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226 GLOBAL TRENDS IN COMPUTER TECHNOLOGY Computer networking is also fundamental to the use of super- computers, which are typically accessed by regional and even national users over wide area networks. Although there have apparently been incidents, the committee did not find evidence of a major threat from remote access by CMEA nationals, part of what is referred to as diversion-in-place. As discussed in Chapter 2, the risks that CoCom scientists and officials will detect and examine illegal use make serious diversion-in-place of supercomputers unlikely. Never- theless, security remains an important need for supercomputers as for other sophisticated CoCom computer resources. Recommendation S: The U.S. government should formulate a policy for preventing computer networks from becoming a channel for significant covert technology transfer and to protect the com- putational resources of CoCom countries. While in many cases the necessary technology exists, putting it to use may require further study or change in existing policy. For example: ~ Transborder network access is burgeoning among indi- viduals and multinational corporations via private and public networks. How is export of "soft" technologiessoftware, al- gorithms, specifications, and reports to be controlled on such networks? The question should be resolved whether it is in the best national security interest of the United States to permit CMEA nationals access to commercial and university networks, both directly while in the United States, and through remote telecommunications. Such access can and does take place. ~ Are the existing International Traffic in Arms Regula- tions restrictions on network security products necessary, or relevant to modern commercial (nonmilitary) security needs- encryption and trusted systemsin such services as banking and network-based retailing? They may retard U.S. competitiveness as non-CoCom sources grow stronger. One major trend, the movement toward paraDel processing, is likely to have a profound effect on the computer field and on CoCom's ability to prevent the CMEA countries from creating or obtaining machines with partial supercomputer performance levels. Currently, substantial research effort in Western Europe, Japan, and the United States is focused on developing hardware and software for parallel processing. As progress is made, the range of applications that wig be handled by a parallel processor will broaden. If no breakthroughs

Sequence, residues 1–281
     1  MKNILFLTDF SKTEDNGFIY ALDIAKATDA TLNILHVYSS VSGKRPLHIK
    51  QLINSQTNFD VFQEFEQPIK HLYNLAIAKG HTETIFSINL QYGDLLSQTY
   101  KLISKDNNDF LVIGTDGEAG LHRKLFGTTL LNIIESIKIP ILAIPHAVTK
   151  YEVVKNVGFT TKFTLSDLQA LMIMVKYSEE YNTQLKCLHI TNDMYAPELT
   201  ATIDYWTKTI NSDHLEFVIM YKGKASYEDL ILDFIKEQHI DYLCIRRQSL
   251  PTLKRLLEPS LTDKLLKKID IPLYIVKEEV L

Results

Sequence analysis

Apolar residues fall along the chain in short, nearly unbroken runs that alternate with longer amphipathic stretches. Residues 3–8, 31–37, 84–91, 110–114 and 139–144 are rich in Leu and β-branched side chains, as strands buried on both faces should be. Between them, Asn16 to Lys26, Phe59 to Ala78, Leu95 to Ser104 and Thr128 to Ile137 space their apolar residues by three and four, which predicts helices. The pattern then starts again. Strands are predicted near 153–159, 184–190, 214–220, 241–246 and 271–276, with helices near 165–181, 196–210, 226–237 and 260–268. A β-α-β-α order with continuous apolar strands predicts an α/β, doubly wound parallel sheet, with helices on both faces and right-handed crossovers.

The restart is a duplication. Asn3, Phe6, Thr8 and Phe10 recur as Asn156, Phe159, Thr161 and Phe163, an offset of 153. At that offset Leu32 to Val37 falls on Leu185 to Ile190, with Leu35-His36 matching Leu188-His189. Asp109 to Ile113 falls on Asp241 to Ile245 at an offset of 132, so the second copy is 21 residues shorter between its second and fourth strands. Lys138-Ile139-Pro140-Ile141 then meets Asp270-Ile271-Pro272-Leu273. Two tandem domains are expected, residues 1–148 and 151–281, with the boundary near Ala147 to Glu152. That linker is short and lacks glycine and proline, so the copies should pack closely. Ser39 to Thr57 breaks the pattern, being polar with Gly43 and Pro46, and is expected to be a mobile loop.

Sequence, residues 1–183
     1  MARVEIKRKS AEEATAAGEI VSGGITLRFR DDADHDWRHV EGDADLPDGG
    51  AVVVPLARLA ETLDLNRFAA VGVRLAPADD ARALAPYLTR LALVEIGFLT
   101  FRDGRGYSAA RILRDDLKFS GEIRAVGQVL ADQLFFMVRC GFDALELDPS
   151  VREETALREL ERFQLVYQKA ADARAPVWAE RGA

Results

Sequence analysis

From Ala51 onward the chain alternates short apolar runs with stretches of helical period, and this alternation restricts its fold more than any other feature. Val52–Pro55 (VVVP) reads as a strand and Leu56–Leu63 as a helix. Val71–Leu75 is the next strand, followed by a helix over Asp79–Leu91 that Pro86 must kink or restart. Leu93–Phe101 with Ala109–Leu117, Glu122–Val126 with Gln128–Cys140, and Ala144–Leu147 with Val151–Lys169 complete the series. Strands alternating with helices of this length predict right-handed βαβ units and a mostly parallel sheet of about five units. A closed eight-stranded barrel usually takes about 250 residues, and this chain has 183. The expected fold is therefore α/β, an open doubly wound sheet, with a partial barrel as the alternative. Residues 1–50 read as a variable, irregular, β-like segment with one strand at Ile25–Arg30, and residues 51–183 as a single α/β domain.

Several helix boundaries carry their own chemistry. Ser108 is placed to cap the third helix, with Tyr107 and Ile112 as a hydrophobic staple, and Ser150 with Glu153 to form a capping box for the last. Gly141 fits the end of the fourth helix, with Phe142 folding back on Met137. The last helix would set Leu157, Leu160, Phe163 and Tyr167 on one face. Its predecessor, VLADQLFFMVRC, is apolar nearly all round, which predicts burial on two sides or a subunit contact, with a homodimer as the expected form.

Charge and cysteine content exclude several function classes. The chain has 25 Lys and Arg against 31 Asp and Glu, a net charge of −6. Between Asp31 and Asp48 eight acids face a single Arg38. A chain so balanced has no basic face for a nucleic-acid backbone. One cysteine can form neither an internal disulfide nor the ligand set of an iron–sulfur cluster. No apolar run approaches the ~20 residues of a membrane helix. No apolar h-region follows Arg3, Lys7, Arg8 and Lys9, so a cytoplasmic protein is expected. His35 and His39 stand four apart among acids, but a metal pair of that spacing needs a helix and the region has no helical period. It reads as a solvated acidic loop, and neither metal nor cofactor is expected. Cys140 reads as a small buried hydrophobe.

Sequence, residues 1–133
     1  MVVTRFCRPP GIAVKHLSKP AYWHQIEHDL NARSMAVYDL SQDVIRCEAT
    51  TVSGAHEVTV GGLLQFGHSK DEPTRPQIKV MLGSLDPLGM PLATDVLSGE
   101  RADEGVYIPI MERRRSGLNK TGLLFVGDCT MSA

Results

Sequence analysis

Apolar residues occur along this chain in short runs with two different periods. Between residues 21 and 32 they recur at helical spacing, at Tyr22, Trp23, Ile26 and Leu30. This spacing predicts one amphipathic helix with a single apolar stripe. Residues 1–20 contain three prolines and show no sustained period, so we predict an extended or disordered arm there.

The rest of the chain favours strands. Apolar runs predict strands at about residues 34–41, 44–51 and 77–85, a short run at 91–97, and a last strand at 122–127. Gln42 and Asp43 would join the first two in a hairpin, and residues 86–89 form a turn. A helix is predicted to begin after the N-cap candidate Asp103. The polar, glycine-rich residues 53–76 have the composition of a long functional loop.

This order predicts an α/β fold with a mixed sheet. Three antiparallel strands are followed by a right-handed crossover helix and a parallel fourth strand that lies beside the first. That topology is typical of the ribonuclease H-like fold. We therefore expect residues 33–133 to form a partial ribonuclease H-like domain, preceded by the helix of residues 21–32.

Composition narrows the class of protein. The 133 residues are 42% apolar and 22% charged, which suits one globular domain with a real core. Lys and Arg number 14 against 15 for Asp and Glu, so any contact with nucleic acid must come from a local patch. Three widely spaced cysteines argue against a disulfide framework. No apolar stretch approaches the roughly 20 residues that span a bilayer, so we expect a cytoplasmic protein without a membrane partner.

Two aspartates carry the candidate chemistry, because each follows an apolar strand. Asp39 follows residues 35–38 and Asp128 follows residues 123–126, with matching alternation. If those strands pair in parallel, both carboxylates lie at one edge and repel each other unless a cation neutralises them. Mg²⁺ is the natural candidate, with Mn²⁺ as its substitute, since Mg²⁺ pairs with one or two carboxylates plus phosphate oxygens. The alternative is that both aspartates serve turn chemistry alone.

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CONCLUSIONS AND RECOMMENDATIONS 227 occur, parallel processing may remain in limited use in CoCom coun- tries, where ongoing improvements in conventional computers will provide an alternative. However, in CMEA countries without the access to advanced conventional machines, parallel processors may be a much more vi- able alternative. ParaDel processors could be constructed from low- technology components using large numbers of processors. Although the machines might be inefficient and difficult to program, they might provide capability approaching supercomputer performance levels for certain applications. The value of those machines to both CMEA countries en c! CoCom countries wiD depend on the develop- ment and acquisition of paraJ1el-processing software. Regardless of these possibilities, the committee expects the West to continue to have a substantial lead in this area. TECHNOLOGIES AS MORE THAN PRODUCTS The foregoing discussion focused on computers, software, and other products. Also of concern is the know-how needed to develop, manufacture, and use advanced computers, an aspect that may not be well protected by export controls. This distinction is important because acquisition of discrete products provides only limited tech- nology transfer. The committee concluded that the progress of CMEA countries in computing was severely limited by a lack of essential know-how. The shortcomings of CMEA countries in computer manufacturing reflect a combination of inadequate equipment and a lack of the know-how necessary for volume production of high-quaTity products. While scientific know-how is disseminated widely through open sci- entific literature, technical know-how cannot be assimilated merely by reading publicly available materials. For example, CMEA countries are known to have developed their own ion implanters for IC manufacturing, building on local un- derstanding of the fundamental technology of particle acceleration (they also obtain these machines from such countries as Liechten- stein). While in principle any ion implanter, including the least sophisticated, can be used to make any kind of semiconductor for which implantation is part of the production process, in practice the manufacture of more sophisticated semiconductors requires a high degree of reliability and quality in implantation. The fact that top- of-the-line implanters of Western origin offer higher reliability and